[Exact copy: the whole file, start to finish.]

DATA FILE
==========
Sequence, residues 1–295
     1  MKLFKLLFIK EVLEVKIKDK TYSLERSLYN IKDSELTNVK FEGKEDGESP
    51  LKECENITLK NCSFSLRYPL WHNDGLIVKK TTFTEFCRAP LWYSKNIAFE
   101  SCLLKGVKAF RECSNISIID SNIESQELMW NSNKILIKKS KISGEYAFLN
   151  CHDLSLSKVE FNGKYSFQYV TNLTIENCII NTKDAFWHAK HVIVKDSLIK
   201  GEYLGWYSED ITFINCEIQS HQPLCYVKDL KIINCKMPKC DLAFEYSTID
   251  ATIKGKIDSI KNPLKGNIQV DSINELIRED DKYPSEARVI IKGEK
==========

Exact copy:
Sequence, residues 1–295
     1  MKLFKLLFIK EVLEVKIKDK TYSLERSLYN IKDSELTNVK FEGKEDGESP
    51  LKECENITLK NCSFSLRYPL WHNDGLIVKK TTFTEFCRAP LWYSKNIAFE
   101  SCLLKGVKAF RECSNISIID SNIESQELMW NSNKILIKKS KISGEYAFLN
   151  CHDLSLSKVE FNGKYSFQYV TNLTIENCII NTKDAFWHAK HVIVKDSLIK
   201  GEYLGWYSED ITFINCEIQS HQPLCYVKDL KIINCKMPKC DLAFEYSTID
   251  ATIKGKIDSI KNPLKGNIQV DSINELIRED DKYPSEARVI IKGEK